Virtual Humans for Interpersonal Interaction Education

Participants: Andrew B. Raij, Computer and Information Sciences and Engineering Department, University of Florida

Electronic Visualization Laboratory
842 W. Taylor Street
Room 2032
Chicago, IL

Thursday, October 18, 2007
11:00a.m. - 12:00p.m.

Andrew B. Raij will discuss the development and recent advances of the Virtual OSCE (VOSCE). The VOSCE is a virtual experience that simulates a patient-doctor interview using highly interactive virtual humans. In the VOSCE, health professions students interact with life-sized virtual humans using speech and gesture. Through this interaction, students practice and learn interpersonal communication skills. VOSCE scenarios include a variety of patients (varied ethnicity, age, and gender) expressing conditions from abdominal pain to cranial nerve damage to breast mass screening. The VOSCE system was developed jointly by a research group of medical faculty, educators, and computer scientists at the University of Florida, Medical College of Georgia, and Keele University, School of Pharmacy.

The presentation will emphasize current work into providing realistic patient interactions, including using real tools, physiological measures, mannequin simulators, and virtual instructors. Also, this talk will cover the results of recent studies that explore racial / ethnicity biases, after-action reviews, communication skills, validity, component evaluation, and high anxiety interactions (sexual history and abnormal findings) with virtual humans.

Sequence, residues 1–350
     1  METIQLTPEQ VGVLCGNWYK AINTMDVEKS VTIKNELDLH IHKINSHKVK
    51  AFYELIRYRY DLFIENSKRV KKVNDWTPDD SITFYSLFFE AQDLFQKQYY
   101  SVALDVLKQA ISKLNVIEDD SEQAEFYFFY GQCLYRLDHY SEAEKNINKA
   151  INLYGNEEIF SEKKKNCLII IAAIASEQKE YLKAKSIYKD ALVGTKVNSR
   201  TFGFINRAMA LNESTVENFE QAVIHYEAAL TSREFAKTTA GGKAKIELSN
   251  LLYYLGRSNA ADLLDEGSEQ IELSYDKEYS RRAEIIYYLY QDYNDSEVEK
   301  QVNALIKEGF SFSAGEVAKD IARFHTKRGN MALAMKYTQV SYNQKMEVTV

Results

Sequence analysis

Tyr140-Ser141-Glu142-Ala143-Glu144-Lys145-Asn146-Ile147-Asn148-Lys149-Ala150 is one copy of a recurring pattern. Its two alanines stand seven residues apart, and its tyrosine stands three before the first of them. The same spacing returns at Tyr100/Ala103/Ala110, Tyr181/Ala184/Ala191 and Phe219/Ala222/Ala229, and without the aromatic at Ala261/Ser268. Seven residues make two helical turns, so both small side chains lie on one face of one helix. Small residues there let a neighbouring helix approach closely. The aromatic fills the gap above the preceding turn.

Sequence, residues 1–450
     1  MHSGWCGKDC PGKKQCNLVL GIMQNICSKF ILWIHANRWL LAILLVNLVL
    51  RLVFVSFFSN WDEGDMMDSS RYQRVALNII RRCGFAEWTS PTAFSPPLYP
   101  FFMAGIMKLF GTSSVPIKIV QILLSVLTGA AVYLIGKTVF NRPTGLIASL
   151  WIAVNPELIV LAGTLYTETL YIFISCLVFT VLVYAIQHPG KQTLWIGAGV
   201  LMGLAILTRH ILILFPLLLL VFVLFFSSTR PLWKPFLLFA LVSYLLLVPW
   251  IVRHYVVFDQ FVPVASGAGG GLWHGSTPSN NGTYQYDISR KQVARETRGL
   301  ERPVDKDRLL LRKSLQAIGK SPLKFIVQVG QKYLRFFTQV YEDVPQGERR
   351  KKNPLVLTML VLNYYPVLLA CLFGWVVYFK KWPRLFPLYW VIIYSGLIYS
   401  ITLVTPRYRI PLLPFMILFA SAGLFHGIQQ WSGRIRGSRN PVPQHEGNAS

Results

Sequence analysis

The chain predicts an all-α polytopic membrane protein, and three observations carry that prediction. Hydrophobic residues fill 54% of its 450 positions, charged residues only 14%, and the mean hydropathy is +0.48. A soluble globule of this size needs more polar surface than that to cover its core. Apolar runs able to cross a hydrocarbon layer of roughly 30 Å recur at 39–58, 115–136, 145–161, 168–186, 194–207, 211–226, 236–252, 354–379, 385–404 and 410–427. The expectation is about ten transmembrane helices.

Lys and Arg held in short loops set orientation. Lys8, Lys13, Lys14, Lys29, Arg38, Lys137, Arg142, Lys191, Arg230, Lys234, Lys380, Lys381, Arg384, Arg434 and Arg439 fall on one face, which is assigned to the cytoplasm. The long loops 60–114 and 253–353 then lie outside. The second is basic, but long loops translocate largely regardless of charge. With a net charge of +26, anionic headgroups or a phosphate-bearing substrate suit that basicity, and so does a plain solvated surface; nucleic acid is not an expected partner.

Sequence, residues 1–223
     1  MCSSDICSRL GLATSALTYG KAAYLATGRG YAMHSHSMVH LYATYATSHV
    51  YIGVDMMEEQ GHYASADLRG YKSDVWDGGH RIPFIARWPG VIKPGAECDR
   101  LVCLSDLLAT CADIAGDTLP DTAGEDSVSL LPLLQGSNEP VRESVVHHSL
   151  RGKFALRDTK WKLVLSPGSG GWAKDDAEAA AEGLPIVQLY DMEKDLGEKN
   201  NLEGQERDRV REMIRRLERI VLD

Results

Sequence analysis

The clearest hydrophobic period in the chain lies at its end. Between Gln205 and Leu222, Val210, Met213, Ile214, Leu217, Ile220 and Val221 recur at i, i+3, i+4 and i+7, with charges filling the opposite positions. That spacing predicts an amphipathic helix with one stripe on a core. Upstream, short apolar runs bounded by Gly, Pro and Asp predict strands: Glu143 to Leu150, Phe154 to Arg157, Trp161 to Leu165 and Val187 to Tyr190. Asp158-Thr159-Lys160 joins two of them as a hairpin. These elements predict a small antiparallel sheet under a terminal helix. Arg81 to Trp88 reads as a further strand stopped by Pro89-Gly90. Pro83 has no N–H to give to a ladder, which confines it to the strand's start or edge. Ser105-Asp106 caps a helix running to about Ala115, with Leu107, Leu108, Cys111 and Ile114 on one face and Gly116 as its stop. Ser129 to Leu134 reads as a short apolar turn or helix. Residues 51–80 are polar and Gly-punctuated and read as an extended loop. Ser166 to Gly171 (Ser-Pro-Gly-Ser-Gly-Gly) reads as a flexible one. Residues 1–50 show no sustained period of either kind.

Andrew B. Raij is a Ph.D. candidate in the Computer and Information Sciences and Engineering Department at the University of Florida. His research areas include computer graphics, computer vision, human-computer interaction and virtual reality. Raij graduated from Northwestern University with a B.S. (2001) degree in Computer Science, and graduated from the University of North Carolina at Chapel Hill with a MS (2003). His mentors include Drs. Benjamin Watson and Ian Horswill (B.S.), Henry Fuchs, Herman Towles, and Marc Pollefeys (M.S.), and Benjamin Lok (Ph.D.). For more information, please visit

Date: October 18, 2007
Medical student using - A. Raij, University of Florida

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